The ethylene oxide ‘health emergency’ in South Memphis
Despite the sunny spring day in South Memphis, Rose Sims and her neighbor, Lettie White, made a point to stay inside as much as possible.
“Since the meeting last year, I don’t be outside long,” Sims said.
Five months earlier, Sims, White and dozens of their neighbors packed into a South Memphis church, where the U.S. Environmental Protection Agency held an open house. There, federal officials warned that a nearby industrial facility run by Sterilization Services of Tennessee is emitting dangerous amounts of a toxic, cancer-causing gas: ethylene oxide.
Ethylene oxide, also known as EtO, is linked to leukemia, lymphoma, breast cancer, and stomach cancer, and recently EPA announced that the colorless and odorless gas is 60 times more toxic than they previously thought.
At the meeting, EPA officials cautioned that the Sterilization Services of Tennessee facility – and the ethylene oxide it is pumping into the air – creates an “elevated” cancer risk for people living nearby. Scientists presented maps showing what areas face the highest risks. Both Sims’ and White’s homes fell within the elevated-risk area.
“I was devastated,” White said. “I used to go outside to plant my garden and to cut my yard. I can’t do that anymore.”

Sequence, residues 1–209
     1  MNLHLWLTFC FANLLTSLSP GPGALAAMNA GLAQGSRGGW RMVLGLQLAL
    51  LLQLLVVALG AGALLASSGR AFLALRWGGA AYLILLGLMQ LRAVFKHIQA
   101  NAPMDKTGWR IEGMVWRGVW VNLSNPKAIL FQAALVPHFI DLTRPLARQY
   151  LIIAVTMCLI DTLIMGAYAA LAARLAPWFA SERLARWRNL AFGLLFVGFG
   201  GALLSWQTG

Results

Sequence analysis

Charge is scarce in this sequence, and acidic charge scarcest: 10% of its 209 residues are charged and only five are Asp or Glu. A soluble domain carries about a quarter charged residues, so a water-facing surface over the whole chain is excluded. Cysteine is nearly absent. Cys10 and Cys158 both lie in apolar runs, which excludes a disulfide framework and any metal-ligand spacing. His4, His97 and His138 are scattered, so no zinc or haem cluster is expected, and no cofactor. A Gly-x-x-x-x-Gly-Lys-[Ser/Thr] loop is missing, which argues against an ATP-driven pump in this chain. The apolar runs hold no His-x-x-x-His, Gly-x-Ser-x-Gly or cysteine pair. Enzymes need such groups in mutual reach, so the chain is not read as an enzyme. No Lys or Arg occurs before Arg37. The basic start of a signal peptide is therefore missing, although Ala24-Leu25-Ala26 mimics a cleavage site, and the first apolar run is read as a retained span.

“I was afraid, frustrated, scared,” Sims said. “Now I go in and out of my house, but as far as cutting yards and just hanging out and enjoying and barbecuing and being with my family, I would never.”
In the months since the meeting, Sims’ frustration – and fear – has grown as local health officials have refused to act.
A health emergency in South Memphis
For months, Sterilization Services of Tennessee has ignored calls from the Memphis City Council, the Shelby County Commission, community organizations, and families living nearby to reduce the plant’s EtO pollution. The facility, which sterilizes medical equipment, continues to operate 24 hours a day, seven days a week, even though similar facilities in other states have taken voluntary action to reduce ethylene oxide emissions.
That’s why, in February, SELC and Memphis Community Against Pollution sent a letter to the Shelby County Health Department, urging the agency to use its emergency powers to force the facility to lower its EtO emissions. But the health department refused to act.
“Memphis code clearly says that the Shelby County Health Department not only can act, but must act to protect Memphis families from a health emergency,” SELC Tennessee Office Director Amanda Garcia said. “If you ask the families that are afraid to be outside because of ethylene oxide pollution in South Memphis, they will certainly tell you that Sterilization Services of Tennessee is creating a health emergency.”
“South Memphis residents deserve to breathe clean air. If Sterilization Services of Tennessee won’t reduce its toxic ethylene oxide pollution on its own, then the Shelby County Health Department must take action immediately,” Memphis Community Against Pollution President KeShaun Pearson said.
A legacy of injustice
While the Shelby County Health Department drags its feet, residents like Sims can’t help but wonder if Sterilization Services of Tennessee would still be releasing EtO if it were in another part of the county.